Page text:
In considering the natural behaviours of specific breeds of dogs, it is possible to train them to perform specialised, highly useful, tasks. For example, Labrador retrievers are the favoured breed for the detection of explosives. This is because of a combination of factors including their food drive which enables them to keep focused on a task despite noise and other distractions. Most working breeds of dogs are able to be trained to find people with their sense of smell (as opposed to their sense of sight). Cocker Spaniels are able to be trained as part of a termite detection team. Their relatively small size enables them to fit into small spaces, and their light weight allows them to walk on areas of ceiling which would be dangerous to anything heavier. In fact, although unusual, termite detection dogs are much more reliable at detecting termites than humans who rely on a basic system of tapping and listening. Because of their ability to learn signals by sight and for their energetic and athletic natures, German Shepherds are able to be trained for work alongside search and rescue teams and human apprehension teams.[79]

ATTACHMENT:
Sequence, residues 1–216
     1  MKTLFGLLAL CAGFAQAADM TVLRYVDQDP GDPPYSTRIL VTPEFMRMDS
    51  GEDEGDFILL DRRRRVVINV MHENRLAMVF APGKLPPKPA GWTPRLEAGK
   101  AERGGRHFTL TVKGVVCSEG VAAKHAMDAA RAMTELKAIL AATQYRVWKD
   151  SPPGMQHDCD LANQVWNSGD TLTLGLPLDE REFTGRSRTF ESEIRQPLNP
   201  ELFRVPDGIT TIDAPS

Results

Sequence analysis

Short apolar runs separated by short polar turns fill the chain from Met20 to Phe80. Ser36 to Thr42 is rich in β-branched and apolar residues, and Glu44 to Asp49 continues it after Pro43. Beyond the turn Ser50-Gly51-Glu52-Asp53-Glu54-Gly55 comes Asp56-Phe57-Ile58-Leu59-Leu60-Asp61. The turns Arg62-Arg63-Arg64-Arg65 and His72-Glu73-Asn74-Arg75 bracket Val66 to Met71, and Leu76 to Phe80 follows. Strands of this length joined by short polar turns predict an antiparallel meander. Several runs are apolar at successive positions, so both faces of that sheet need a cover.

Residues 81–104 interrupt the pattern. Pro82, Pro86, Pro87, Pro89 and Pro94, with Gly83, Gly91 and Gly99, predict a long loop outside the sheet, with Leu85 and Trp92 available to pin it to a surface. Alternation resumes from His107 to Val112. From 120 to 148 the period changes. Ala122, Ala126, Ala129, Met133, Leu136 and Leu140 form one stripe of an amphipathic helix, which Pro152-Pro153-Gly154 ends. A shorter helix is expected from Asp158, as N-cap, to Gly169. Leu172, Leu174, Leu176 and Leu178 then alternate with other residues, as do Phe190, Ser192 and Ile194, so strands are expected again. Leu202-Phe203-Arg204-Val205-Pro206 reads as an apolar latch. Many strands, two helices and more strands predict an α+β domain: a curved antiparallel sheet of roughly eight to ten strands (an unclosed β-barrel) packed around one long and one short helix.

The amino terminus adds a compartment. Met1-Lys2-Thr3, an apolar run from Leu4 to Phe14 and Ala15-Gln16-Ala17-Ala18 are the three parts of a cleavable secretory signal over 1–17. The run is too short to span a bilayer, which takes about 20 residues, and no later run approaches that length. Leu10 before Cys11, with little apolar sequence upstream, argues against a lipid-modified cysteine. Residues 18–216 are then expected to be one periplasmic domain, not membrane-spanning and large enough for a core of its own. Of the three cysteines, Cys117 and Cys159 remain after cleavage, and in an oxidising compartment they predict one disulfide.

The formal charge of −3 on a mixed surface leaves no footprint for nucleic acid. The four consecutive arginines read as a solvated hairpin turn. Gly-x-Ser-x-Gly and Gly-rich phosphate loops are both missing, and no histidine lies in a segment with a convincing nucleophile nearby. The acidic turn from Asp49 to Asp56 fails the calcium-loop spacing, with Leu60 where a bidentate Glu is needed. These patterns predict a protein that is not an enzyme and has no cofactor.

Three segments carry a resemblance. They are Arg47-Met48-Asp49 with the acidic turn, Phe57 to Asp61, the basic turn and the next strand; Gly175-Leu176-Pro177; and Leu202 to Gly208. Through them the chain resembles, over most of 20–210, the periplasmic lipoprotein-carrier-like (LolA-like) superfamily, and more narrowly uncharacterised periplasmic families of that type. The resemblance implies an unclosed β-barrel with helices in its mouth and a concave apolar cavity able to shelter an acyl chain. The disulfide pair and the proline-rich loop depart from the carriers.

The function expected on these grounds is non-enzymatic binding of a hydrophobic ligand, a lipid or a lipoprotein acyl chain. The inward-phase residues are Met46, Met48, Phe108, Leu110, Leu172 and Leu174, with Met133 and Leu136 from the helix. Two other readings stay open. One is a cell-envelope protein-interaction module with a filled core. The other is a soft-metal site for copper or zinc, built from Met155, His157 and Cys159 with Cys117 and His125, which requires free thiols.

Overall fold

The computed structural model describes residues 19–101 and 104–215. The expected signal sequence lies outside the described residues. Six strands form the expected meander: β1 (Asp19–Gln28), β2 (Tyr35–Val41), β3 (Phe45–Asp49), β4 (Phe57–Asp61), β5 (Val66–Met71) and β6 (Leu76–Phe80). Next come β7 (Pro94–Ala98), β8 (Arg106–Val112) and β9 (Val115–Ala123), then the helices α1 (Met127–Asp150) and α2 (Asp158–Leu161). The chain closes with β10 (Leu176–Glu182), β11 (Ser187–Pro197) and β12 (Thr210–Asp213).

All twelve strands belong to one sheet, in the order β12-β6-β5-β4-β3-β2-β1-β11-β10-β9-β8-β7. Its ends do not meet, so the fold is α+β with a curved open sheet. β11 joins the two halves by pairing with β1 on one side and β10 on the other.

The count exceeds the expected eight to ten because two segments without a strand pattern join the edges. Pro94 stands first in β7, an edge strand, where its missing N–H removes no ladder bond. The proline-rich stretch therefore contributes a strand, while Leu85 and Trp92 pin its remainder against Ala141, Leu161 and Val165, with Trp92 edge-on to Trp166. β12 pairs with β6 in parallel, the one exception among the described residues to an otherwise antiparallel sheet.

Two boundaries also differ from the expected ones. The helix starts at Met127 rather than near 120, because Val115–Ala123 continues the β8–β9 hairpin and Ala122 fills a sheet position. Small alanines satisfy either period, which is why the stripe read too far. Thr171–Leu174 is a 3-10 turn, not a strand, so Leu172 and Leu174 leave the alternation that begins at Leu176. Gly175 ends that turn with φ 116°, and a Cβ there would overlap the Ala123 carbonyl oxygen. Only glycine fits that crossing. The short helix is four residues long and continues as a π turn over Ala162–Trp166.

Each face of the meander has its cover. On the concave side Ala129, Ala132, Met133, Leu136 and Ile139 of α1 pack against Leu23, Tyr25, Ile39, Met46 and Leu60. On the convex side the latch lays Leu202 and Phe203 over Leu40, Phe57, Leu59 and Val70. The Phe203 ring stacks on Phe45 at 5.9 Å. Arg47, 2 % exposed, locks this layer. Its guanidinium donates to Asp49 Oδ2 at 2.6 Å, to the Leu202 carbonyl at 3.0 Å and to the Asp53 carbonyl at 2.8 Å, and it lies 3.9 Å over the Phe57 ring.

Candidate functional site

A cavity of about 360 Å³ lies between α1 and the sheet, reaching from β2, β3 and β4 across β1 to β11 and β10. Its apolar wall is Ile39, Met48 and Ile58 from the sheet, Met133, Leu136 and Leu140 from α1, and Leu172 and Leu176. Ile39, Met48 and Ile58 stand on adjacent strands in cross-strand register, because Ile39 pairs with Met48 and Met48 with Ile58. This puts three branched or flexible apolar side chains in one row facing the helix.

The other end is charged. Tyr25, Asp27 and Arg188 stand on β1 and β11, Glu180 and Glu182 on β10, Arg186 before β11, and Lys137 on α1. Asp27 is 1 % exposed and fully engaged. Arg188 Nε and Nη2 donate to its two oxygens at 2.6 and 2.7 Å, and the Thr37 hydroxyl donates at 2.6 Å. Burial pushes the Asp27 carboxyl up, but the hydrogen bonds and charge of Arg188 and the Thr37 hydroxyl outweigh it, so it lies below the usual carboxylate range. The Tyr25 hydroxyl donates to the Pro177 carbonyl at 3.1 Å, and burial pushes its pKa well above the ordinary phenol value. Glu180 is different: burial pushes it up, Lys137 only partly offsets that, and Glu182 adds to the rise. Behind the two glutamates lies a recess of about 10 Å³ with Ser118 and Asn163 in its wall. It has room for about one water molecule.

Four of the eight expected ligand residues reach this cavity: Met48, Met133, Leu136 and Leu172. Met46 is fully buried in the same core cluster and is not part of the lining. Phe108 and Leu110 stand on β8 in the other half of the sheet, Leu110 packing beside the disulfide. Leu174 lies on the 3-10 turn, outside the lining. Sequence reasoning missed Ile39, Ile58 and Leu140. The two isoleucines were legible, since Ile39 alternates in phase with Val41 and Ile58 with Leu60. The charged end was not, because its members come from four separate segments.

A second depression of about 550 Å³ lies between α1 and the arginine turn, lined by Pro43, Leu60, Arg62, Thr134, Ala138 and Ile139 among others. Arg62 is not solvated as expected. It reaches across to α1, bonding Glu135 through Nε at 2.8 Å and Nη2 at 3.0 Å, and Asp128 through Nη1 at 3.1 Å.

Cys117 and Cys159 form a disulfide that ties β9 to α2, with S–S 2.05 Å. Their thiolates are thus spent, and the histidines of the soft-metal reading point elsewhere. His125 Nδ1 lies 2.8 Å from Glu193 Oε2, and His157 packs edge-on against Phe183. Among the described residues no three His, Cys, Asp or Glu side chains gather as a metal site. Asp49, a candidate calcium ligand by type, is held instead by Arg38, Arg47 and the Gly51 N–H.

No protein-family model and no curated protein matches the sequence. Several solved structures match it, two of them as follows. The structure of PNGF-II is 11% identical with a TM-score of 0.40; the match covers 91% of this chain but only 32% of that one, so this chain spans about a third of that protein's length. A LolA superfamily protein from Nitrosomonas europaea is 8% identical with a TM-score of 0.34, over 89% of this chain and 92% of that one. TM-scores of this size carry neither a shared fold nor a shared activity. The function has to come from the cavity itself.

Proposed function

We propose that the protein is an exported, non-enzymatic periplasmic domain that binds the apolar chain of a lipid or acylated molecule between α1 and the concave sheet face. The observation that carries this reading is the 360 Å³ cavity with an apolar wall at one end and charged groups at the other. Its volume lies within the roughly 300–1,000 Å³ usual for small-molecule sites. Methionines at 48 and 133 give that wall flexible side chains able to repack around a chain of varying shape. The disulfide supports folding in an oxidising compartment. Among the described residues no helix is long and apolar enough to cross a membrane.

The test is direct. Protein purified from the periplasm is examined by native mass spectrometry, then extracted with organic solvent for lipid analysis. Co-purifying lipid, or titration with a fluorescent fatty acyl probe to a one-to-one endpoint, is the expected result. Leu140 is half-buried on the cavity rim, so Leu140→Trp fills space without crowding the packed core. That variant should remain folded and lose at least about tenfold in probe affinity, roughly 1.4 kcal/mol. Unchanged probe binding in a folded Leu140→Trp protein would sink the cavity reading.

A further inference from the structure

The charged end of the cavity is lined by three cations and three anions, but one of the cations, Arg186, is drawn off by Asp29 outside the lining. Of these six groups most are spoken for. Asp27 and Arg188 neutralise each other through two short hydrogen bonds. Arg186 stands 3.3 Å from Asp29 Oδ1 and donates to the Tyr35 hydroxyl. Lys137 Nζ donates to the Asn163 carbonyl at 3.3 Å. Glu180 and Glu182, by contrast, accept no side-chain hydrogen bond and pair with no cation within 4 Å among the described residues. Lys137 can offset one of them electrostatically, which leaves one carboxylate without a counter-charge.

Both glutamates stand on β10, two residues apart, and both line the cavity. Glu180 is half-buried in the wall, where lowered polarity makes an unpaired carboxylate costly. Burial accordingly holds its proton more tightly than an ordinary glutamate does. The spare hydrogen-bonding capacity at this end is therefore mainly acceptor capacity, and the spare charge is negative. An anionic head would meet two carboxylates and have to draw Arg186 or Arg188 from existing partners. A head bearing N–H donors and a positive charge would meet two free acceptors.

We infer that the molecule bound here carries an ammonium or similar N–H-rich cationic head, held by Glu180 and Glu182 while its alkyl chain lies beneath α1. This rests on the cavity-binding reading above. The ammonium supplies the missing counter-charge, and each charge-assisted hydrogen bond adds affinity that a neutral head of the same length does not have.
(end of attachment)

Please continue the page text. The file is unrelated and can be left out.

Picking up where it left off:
In 2004, a study reviewed 5 other studies of feral dogs published between 1975 and 1995 and concluded that their pack structure is very loose and rarely involves any cooperative behavior, either in raising young or in obtaining food.[82] Feral dogs are primarily scavengers, with studies showing that unlike their wild cousins, they are poor ungulate hunters, having little effect on wildlife populations where they are sympatric.[83]:267 However, several garbage dumps located within the feral dog's home range are important for their survival.[84] Even well-fed domestic dogs are prone to scavenge; gastro-intestinal veterinary visits increase during warmer weather as dogs are prone to eat decaying material.[85] Some dogs consume feces, which may contain nutrition.[86][87] On occasion well-fed dogs have been known to scavenge their owners' corpses.[88]